Baltic Railways through the eyes of british tourist

Baltic Railways Magazine 8 contained an article from Philip Wormald about his visit with PTG Tours to Estonia in the summer of 2011. BRMs 1 and 3 featured the appeal of the Siarukas in Lithuania for tourists. Likewise BRM4 did the same for the Banitis in Latvia. I have visited Lithuania many times since 2003, and in 2008 was on an enthusiasts tour of railway depots and workshops in Latvia and Lithuania, and hope to do the same in 2012 but including Estonia and Norway.

The idea of people, other than the professionals who run the railways, taking an interest in railways as a hobby, is an alien concept to a population that lived for over fifty years under the control of the Soviet Union. As mentioned elsewhere in this issue, railways were of strategic (military) importance, so taking an interest in railways (as enthusiasts in Britain and other countries do) was regarded as spying. Clearly a rather dangerous hobby.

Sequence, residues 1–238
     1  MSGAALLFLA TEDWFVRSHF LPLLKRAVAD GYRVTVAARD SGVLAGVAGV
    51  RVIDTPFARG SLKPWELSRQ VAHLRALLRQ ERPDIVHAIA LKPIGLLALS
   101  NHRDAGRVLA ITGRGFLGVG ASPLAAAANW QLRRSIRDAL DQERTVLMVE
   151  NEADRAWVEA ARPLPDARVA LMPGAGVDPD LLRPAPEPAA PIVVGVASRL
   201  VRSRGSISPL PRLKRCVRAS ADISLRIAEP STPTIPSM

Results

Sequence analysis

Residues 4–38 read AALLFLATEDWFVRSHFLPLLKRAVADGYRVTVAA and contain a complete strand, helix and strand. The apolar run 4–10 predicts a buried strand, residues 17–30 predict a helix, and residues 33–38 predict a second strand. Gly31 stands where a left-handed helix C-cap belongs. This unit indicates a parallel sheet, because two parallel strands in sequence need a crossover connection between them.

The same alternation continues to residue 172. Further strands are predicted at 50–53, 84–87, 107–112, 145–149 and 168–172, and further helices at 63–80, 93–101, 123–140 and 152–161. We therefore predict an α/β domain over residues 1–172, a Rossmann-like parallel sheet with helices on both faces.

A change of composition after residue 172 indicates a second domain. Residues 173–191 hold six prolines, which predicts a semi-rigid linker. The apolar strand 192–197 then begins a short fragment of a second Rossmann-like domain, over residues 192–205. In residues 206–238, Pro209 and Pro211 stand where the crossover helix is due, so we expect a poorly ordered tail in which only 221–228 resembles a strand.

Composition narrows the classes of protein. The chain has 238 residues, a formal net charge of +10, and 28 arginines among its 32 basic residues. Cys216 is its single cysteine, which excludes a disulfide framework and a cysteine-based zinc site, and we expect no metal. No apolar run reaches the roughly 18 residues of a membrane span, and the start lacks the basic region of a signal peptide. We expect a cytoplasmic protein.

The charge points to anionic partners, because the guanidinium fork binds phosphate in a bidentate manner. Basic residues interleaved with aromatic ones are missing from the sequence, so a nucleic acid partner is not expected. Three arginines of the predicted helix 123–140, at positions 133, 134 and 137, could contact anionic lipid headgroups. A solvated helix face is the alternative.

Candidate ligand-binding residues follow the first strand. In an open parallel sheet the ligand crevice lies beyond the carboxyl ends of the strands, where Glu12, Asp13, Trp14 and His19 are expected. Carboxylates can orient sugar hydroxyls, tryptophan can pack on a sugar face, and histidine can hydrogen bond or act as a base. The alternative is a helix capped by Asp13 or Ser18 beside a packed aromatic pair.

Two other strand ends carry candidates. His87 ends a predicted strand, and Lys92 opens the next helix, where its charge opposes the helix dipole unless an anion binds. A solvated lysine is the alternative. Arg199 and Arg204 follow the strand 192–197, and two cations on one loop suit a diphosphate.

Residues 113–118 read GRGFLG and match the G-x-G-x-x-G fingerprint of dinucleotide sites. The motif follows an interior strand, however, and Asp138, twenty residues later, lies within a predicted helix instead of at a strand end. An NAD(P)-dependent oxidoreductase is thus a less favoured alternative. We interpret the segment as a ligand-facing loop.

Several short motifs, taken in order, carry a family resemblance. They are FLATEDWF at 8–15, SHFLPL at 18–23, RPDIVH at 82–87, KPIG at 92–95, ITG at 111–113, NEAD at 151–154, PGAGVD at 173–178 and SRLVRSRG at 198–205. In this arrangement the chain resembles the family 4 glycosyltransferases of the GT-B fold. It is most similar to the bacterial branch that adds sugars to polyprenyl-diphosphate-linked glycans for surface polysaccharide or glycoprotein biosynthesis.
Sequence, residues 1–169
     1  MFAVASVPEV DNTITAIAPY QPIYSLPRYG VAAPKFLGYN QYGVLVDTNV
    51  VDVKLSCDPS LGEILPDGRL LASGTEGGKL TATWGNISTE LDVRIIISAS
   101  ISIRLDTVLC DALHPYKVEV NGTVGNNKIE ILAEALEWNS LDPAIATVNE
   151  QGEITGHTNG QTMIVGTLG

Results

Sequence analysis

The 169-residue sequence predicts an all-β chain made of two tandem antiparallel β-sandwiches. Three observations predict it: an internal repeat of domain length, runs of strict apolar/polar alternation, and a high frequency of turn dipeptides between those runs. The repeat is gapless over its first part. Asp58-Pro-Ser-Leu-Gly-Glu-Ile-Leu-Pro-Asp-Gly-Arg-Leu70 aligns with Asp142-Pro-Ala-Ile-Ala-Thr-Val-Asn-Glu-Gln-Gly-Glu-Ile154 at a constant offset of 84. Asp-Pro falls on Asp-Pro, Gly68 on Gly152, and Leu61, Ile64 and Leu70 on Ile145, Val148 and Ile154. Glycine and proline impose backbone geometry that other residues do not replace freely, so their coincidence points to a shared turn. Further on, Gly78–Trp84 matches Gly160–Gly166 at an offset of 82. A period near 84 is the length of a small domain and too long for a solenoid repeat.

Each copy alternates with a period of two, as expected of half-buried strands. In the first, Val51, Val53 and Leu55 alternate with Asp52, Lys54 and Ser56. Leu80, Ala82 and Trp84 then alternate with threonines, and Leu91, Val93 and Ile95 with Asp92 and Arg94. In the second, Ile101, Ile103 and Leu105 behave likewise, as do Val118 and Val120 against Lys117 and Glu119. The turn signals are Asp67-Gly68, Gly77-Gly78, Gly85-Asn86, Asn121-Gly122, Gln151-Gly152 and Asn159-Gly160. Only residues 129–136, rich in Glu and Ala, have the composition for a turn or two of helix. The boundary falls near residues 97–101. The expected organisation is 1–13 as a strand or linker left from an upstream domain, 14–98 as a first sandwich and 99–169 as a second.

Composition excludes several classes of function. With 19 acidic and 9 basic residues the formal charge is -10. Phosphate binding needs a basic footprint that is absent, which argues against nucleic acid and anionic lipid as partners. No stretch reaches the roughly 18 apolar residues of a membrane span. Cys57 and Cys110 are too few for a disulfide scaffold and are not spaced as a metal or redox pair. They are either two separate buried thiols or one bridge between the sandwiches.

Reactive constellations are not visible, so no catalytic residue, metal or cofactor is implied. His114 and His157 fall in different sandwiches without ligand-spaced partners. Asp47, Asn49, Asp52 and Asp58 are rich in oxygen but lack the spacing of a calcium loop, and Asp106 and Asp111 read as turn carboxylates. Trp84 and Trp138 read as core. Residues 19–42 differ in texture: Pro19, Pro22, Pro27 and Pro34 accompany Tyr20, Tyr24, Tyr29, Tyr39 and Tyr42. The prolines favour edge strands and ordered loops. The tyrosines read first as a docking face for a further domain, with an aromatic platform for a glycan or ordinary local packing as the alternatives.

The outcome is that visitors to the Baltic States find that the rail travel needs of railway enthusiasts and tourists cannot be met. The biggest problem is the lack of passenger trains on many of the routes. The PTG Tours visit was made by hired trains, an expensive but necessary expedient. My visit in 2008 with the Rail Europe Railway Enthusiasts Club was made by hired minibus, as will be the forthcoming tour in 2012. In other travels in Latvia and Lithuania, I have twice had to get from Riga to Panevėžys; easy if you look at the map, but there are no trains over the border, and only two trains per day between Šiauliai and Panevėžys (and that service I have read, is threatened with withdrawal). So you have no choice but to go by bus or car!…More in BRM9.